ALBANY, N.Y. (CBSNewYork/AP) — The House and Senate’s agreement on a five-year, $281 billion transportation bill could restore funding for a critical mass transit program for New York state, protect NJ TRANSIT from budget cuts and grease the wheels for new rail tunnels under the Hudson River.
The bill, unveiled Tuesday, would increase spending to address the nation’s aging and congested highways and transit systems — a legislative feat that lawmakers and President Barack Obama have struggled throughout his administration to achieve.
The legislation would also put an end to the cycle of temporary extensions and threatened shutdowns of transportation programs that have bedeviled Congress for the past seven years, making it difficult for states to plan long-term projects.
The 1,300-page measure was “a mammoth task,” said Sen. Barbara Boxer, D-Calif., one of the bill’s key negotiators.
“I expect this bill to have a huge amount of support throughout the country from businesses and workers alike,” she said in a statement. “Although it is not perfect, I believe it is a major accomplishment for our people who expect us to fund a top-notch transportation system.”
The bill would boost highway spending by 15 percent and transit spending by 18 percent over its duration. It also authorizes $10 billion over five years for Amtrak, $12 billion for mass transit annually and $1 billion for vehicle safety programs each year.
The bill still falls far short of the $400 billion over six years that Transportation Secretary Anthony Foxx has said is needed to keep traffic congestion from worsening, and it puts off the difficult decision of how to sustainably pay for transportation programs.
The federal 18.4-cents-a-gallon gas tax, the main source of Trust Fund revenues, hasn’t been increased since 1993 and no longer covers annual spending on transportation.
The House and Senate must still vote on the final bill. Passage is expected by Friday, when government authority to process aid payments to states expires.
The bill is paid for through a series of revenue-raising provisions, some of which have been criticized as gimmicks and budgetary sleight of hand.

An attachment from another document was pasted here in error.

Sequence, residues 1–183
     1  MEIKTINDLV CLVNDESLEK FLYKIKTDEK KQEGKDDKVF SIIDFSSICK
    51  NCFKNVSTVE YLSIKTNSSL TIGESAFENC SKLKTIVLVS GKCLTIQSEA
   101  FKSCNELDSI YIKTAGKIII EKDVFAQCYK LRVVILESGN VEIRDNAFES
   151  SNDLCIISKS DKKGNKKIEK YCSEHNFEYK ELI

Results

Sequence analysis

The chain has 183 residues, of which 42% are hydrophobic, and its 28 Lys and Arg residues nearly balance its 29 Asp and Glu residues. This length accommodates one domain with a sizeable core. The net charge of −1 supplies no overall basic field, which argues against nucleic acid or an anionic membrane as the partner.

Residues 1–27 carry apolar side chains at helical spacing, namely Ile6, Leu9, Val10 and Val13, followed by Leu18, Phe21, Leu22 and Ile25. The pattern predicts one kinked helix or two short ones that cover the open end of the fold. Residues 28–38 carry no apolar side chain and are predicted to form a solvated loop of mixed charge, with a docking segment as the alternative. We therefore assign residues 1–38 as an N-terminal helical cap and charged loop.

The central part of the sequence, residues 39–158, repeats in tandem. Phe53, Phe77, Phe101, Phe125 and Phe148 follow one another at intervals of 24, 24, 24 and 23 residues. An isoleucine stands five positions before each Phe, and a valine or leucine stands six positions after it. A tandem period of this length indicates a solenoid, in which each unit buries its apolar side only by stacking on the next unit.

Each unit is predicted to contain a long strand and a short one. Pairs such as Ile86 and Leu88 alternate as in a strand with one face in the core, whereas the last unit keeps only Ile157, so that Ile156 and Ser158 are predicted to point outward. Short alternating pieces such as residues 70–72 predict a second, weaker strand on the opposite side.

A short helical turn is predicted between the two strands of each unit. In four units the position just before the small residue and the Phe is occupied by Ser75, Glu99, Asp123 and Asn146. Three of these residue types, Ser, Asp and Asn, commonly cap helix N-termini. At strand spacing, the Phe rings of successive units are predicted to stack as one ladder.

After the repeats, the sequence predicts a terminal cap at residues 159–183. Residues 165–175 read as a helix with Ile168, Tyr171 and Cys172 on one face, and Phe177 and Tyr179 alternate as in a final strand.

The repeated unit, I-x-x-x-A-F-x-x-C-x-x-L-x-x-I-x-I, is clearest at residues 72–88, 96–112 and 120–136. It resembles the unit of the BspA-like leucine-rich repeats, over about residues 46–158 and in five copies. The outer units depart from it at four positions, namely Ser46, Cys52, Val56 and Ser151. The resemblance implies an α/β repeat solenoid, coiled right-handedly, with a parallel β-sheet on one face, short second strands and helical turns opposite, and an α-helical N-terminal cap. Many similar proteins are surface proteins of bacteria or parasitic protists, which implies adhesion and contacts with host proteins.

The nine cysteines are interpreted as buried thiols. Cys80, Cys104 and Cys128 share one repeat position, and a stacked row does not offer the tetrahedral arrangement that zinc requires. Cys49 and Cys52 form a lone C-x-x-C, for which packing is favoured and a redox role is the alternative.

One of the hallmarks of the bill is the creation of new programs to focus transportation aid on highways regarded as important “freight corridors” in an effort to reduce major bottlenecks and speed the delivery of goods.
In New York, Sen. Charles Schumer said the bill would protect the “high-density states” program, which provides his state, six others and the District of Columbia with millions of additional dollars annually for mass transit. That includes about $100 million a year for New York transit agencies.
While the Senate-passed transportation bill protected those funds, the House-passed bill cut them.
The funding is intended to help some congested urban areas, including parts of Massachusetts, Connecticut, Rhode Island, Delaware and Maryland.
Schumer, a Democrat, said restoring the program was a top priority. He said it keeps about $1.3 billion for the program over the next five years and adds $18.5 million.
“It’s not the bill I would have written, but elections have consequences, and being in the minority, it was the art of the possible,” U.S. Sen. Robert Menendez, D-N.J., told WCBS 880’s Steve Scott. “It was critical to make sure the ‘high density’ funding that comes to states like New Jersey and New York … didn’t lose billions of dollars,”
“The bill increases transit funding over current levels. That’s a good thing, but nowhere near what we needed to do,” Menendez added.
Although new rail tunnels under the Hudson River are not specifically mentioned, the bill is favorable for the Gateway project, giving Amtrak the extra $10 billion over five years. The federal government has already agreed to pay half for the new tunnels.
The legislation would also spare NJ TRANSIT a budget cut of $50 million per year, WCBS 880’s Sean Adams reported.
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